Anyway, I wish you a Happy Earth Day, whatever that means for you.  While I won't be participating in any drumming circles or making flower crowns, I just might download some Sounds of the Brazilian Rainforest to share with the Muffin Man.

In the spirit of the day, I'm sharing a fantastic recipe for All Natural Dishwasher Detergent with you.  It's so much cheaper than the (toxic) stuff from the store and better for the environment!

1 cup of Borax
1 cup of Baking Soda
1 tablespoon LemiShine
1/2 cup Kosher Salt

Combine all ingredients and store in an airtight container.  Use 1 tablespoon per load, plus some white vinegar added to the rinse cycle.  
This is especially amazing if you have hard water like we do in Los Angeles.  

Happy Earth-friendly cleaning!

Monday, April 21, 2014

Mommy Wants an F-ing Cracker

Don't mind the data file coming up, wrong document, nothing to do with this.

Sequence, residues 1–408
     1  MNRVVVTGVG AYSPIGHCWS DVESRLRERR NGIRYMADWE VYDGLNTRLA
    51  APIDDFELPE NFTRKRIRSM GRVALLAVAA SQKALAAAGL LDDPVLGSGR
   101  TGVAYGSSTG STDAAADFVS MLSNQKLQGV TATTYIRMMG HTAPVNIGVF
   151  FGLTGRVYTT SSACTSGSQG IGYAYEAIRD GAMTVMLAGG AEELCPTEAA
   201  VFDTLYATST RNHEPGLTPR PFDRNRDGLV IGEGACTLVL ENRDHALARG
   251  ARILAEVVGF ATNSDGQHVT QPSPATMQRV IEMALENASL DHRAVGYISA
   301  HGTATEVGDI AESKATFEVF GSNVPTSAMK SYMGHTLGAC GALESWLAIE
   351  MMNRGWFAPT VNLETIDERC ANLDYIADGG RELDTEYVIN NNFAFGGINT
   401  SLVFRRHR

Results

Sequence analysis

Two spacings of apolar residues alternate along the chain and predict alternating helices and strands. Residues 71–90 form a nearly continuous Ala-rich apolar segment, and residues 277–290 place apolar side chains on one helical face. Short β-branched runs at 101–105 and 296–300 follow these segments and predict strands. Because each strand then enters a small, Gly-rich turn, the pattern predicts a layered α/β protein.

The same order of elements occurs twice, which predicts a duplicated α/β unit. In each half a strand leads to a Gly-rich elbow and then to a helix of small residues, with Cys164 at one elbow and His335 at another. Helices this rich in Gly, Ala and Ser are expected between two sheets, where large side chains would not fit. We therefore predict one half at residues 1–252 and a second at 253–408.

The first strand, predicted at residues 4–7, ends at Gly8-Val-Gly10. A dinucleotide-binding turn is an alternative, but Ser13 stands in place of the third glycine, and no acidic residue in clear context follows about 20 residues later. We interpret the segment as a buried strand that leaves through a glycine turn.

Okay, fess up.  How many of you have a seriously terrible Easter candy hangover thanks to your uncontrollable urge to steal chocolate bunnies and Cadbury eggs from your children?!  It's an epidemic, I'm telling you.  I've managed to dodge the candy blues only thanks to the fact that I have to take the horrible, no good, very bad Glucose Tolerance Test tomorrow and I refuse to flunk.  I'm eating only proteins and veggies and all the food that's good for you and all I want to do is take myself to Dylan's Candy Bar and eat my way through every single bin.  Forcing a pregnant woman to abstain from eating anything with carbs or sugars is some kind of terrorist-sanctioned torture, especially around Easter time.  Thanks to Noah's young age, the contents of his Easter baskets were mostly little toys, but the one dark chocolate bunny he did receive is taunting me each time I walk by it grinning at me from our sideboard.  I can guarantee you that as soon as they draw my blood tomorrow I will be committing some sort of hate crime against chocolate animals and devouring that bunny's innocent, smiling face.  I'm salivating just thinking about it.